The South Korean ferry tragedy is not the only bit of sad news about school children this month; days before, gunmen had stormed a girls’ school in Chibok in Nigeria’s north-eastern state of Borno, and abducted more than 200 students. Dozens managed to escape, with no trace of the remainder. The police called off the search this week, leaving frantic parents to search the forest themselves.
The mass kidnap was allegedly by Islamist group Boko Haram, which is linked to the al-Qaeda. Boko Haram means “western education is a sin”, and the group has been waging a violent campaign to impose shariah law, which appears to be particularly opposed to girls’ formal education. Earlier this year, it killed more than 50 students elsewhere in the country.
More people are obviously familiar with the story of Malala Yousufzai, the Pakistani teenager shot in the head by the Taliban in Swat Valley as she returned from school, for refusing to back down on her activism for education for girls. The U.N. has declared July 12 Malala Day.
There is very little media coverage, let alone accolades for the millions of marginalised children who are denied an education because of discrimination. A Human Rights Watch report this week highlights the widespread discrimination against Indian school children belonging to tribal groups, so-called lower castes and minority communities. It cites Unicef’s estimate that 80 million Indian children will drop out before completing elementary school and lays some of the blame on discrimination and intimidation. This, despite the passage of the Right to Education Act in 2010, which mandates free and compulsory education for all children aged 6 to 14 years. Most examples in the HRW report are of boys, because girl children are often not allowed to go to school at all.
What is a harder problem to have: fearing discrimination against your child in school or fearing your child’s safe return from school?
Moving as the film is, even more gut-wrenching is a global index published today that shows a staggering 29.8 million people serving as modern-day slaves in countries ranging from Nigeria to Myanmar.
Ten countries account for three-fourths of the world’s slaves, and India alone is host to almost half the total, according to Walk Free, an Australia-based rights group. While slavery is illegal in every country, the fight against it is not a big priority for most governments, and some forms of the practice – including forced marriage and trafficking of women and children for domestic work and as sex workers – may not be considered slavery in these countries.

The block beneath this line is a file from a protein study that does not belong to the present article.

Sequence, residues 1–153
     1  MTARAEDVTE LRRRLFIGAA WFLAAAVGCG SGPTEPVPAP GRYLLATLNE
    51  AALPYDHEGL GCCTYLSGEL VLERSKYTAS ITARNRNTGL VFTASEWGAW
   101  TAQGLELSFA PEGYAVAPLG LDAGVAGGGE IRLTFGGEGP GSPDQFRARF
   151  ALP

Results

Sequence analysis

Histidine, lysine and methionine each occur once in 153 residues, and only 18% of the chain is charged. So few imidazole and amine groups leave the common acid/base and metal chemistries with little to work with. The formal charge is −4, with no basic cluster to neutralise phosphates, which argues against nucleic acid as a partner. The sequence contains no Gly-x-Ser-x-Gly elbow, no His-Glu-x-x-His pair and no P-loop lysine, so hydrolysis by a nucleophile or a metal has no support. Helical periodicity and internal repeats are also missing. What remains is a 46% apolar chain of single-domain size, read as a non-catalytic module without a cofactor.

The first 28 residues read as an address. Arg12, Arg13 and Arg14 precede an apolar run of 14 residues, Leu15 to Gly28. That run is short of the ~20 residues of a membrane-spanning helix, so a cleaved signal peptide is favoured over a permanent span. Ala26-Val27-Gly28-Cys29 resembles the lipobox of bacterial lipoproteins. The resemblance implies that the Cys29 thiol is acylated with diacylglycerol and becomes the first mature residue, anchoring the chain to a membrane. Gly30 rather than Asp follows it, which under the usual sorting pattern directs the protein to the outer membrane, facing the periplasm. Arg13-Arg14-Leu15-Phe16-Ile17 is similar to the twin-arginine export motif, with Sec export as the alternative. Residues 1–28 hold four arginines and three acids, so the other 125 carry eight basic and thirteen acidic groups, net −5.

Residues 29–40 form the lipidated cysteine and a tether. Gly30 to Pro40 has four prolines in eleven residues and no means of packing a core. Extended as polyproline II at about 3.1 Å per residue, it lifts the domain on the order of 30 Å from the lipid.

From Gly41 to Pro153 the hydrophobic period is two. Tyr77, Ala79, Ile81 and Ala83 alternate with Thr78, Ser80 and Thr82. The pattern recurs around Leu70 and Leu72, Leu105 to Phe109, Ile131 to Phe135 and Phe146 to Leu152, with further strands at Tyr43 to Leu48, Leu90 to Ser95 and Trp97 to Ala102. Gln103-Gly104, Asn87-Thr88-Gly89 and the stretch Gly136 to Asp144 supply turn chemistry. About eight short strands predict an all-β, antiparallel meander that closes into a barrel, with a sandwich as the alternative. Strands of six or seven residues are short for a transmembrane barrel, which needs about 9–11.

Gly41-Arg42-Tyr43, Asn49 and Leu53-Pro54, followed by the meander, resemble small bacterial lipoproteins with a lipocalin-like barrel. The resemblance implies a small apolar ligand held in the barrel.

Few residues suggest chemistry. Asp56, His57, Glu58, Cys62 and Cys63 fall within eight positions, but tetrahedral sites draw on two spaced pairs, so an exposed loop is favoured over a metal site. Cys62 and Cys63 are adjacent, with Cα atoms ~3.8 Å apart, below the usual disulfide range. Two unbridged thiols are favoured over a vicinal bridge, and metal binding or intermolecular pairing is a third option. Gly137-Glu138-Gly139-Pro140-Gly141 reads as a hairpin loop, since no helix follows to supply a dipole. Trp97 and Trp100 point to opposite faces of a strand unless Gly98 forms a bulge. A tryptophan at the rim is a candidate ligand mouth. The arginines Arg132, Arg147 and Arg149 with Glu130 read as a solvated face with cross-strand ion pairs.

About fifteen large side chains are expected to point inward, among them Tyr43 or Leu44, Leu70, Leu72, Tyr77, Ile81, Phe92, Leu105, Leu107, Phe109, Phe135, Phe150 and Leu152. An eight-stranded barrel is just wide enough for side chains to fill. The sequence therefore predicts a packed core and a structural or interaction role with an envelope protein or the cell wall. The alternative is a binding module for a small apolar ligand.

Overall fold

Walk Free doesn’t break down the numbers to show how many modern-day slaves are women, but it’s likely to be a high proportion of the total. Yet there’s not much action on say, domestic workers in Asia or the Middle East, a practice that encourages the trafficking of women. Despite reports of violence against domestic workers in cities from New Delhi to Dubai, the demand – ironically fueled at least in part by greater numbers of working women – hasn’t abated.
Some Philippine recruiters recently decided to stop sending maids to Singapore till the issue of the payment of a placement fee is addressed – which often leaves maids with little cash in hand. Indonesia has demanded more safety for its workers in Singapore after a frightening number fell to their deaths cleaning windows in high-rise apartments.
Yet, while the decision in Hong Kong to not grant residency permits to domestic workers who have lived there for years has fueled the debate for greater rights, there doesn’t seem to be a concerted effort to end slave-like conditions – or even grant a mandatory day off to domestic workers.
So for every country that steps in to try and protect the rights of its women who are trafficked to richer countries, poorer countries including Cambodia and Myanmar willingly send their womenfolk into slavery. Public apathy is as much to blame as government inaction.